ScriptPanel was designed to allow maximum flexibility and ease-of-use, right 'out of the JAR.' Everything required to get a script up and running can be configured from the Script Config panel. An URLClassLoader can be used to locate resources, both for MathTools and for any scripts. After the script ends, whatever Object it returns is displayed as a String and, if not-null, is copied to the clipboard. Thus, the MathTools JAR provides a complete scripting environment, capable of use with maximum flexibility and without the necessity of building a separate application just to access it.


The best source of MathTools documentation is its javadoc. Every class and public method is documented and described there. Arguments, return values, possible errors, and even program flow is detailed. This document serves as a 'quick-start' guide and tutorial. Several sample scripts are included inside the MathTools JAR in the docs/SampleScripts folder. (This document is also there!)

The Scripting Language

By default MathTools uses JavaScript. Why? Because it is easy and it is included in most Java distributions. As stated above, though, this is NOT a requirement! The scripting language is easy to change, and ScriptPanel provides a ready-made environment for learning and exploring whatever scripting language is used.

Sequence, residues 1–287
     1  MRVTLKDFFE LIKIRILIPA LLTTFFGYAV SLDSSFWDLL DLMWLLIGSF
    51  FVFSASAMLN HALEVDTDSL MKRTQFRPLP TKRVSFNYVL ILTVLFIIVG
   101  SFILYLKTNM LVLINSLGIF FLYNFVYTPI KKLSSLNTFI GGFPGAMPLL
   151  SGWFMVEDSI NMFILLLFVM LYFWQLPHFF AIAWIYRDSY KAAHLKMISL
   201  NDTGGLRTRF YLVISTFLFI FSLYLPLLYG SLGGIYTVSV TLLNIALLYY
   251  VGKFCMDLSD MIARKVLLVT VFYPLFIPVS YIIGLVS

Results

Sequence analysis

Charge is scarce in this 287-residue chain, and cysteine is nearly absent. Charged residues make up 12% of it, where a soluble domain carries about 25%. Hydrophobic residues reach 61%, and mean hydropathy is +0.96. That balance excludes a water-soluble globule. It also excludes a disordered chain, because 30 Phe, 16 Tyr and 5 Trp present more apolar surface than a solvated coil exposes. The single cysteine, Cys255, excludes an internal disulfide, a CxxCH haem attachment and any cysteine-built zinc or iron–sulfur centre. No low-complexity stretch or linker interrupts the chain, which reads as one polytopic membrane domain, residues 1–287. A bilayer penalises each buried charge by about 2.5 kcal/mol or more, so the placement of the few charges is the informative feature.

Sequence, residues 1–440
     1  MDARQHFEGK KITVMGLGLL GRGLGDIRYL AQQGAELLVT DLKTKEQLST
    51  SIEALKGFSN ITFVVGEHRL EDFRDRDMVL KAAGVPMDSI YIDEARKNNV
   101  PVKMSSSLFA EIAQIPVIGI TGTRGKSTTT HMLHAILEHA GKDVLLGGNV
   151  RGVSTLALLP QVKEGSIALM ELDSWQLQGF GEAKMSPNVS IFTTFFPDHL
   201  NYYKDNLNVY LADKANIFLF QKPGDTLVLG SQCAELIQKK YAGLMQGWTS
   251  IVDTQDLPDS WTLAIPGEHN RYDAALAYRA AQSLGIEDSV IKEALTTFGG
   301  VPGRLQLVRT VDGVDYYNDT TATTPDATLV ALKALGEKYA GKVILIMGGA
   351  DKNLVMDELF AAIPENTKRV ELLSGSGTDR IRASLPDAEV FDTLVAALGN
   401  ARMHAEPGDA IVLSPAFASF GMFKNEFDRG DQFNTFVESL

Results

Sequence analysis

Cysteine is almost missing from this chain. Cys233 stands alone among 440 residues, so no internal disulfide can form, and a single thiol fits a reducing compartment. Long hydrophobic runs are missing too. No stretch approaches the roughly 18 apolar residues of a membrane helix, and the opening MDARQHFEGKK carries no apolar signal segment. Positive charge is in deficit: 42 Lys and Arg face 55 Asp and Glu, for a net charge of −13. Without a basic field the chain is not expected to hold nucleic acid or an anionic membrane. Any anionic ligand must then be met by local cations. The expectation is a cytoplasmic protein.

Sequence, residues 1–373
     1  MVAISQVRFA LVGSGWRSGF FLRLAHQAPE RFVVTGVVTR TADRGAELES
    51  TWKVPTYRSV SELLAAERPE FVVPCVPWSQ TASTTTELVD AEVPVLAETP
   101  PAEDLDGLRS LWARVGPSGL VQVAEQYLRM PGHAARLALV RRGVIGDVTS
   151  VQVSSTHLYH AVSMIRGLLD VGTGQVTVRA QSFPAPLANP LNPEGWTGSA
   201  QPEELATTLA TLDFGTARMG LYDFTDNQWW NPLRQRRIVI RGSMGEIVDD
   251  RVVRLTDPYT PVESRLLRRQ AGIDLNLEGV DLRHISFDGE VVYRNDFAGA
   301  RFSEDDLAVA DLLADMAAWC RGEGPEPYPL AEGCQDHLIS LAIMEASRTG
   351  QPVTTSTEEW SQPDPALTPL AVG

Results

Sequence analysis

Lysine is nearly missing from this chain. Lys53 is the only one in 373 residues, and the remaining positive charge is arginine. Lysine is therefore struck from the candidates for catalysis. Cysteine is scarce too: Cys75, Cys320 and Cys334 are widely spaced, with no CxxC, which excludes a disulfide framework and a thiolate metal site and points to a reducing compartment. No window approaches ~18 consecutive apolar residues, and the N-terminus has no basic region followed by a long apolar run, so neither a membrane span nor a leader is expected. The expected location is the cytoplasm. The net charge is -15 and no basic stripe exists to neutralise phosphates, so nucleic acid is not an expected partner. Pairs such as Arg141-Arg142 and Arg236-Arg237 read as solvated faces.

While the MathTools are exposed to scripts, NOTHING says scripts must use them! One of ScriptPanel's greatest advantages is that it provides a place to experiment with a scripting language before even thinking about using MathTools! Albeit bare-bones and minimal, ScriptPanel offers a no-frills quick and easy place to actually learn a scripting language.

The MathClassLoader

CapCom maintains an URLClassLoader, the MathClassLoader, usable for non-JavaScript scripting languages (or JavaScript, if it's not included) and for other things as well. MTXPro and GraphEngineFactory both have the capacity to use it.

To change the scripting language simply put the JAR somewhere close to the MathTools JAR and put its URL into the URLLoaderPanel. Then enable the classloader and the scripting language will be available. This does require a javax.script.*-compliant package but those are many and more. The classloader set becomes CapCom's MathClassLoader, so custom XML parsers (SAX and DOM), XSLT transformers, and other graphing.* implementations can also be supplied there.

The Process

Step 1. Start MTDemo.

For operating systems that recognize executable JAR files, double-click the MathTools JAR file. The demo should fire up after a moment to initialize. If the operating system doesn't recognize executable JARs, open a command line, navigate to where the JAR file is and type the command:
java -jar MathTools_J6.jar
Once MathTools executes you will see the following:

From here all of the demos are available. The back and forward buttons ('[<|]' and '[|>]') can flip through the panels sequentially or a specific demo can be selected from the View menu. Select (or flip through to) the ScriptPanel demo.

Note that the Script demo also has forward and back buttons. Its individual panels are the Script Source panel (initially visible), the Script Pizza panel, the Script Config panel, and the URLLoader panel.

Step 2. Set up the environment.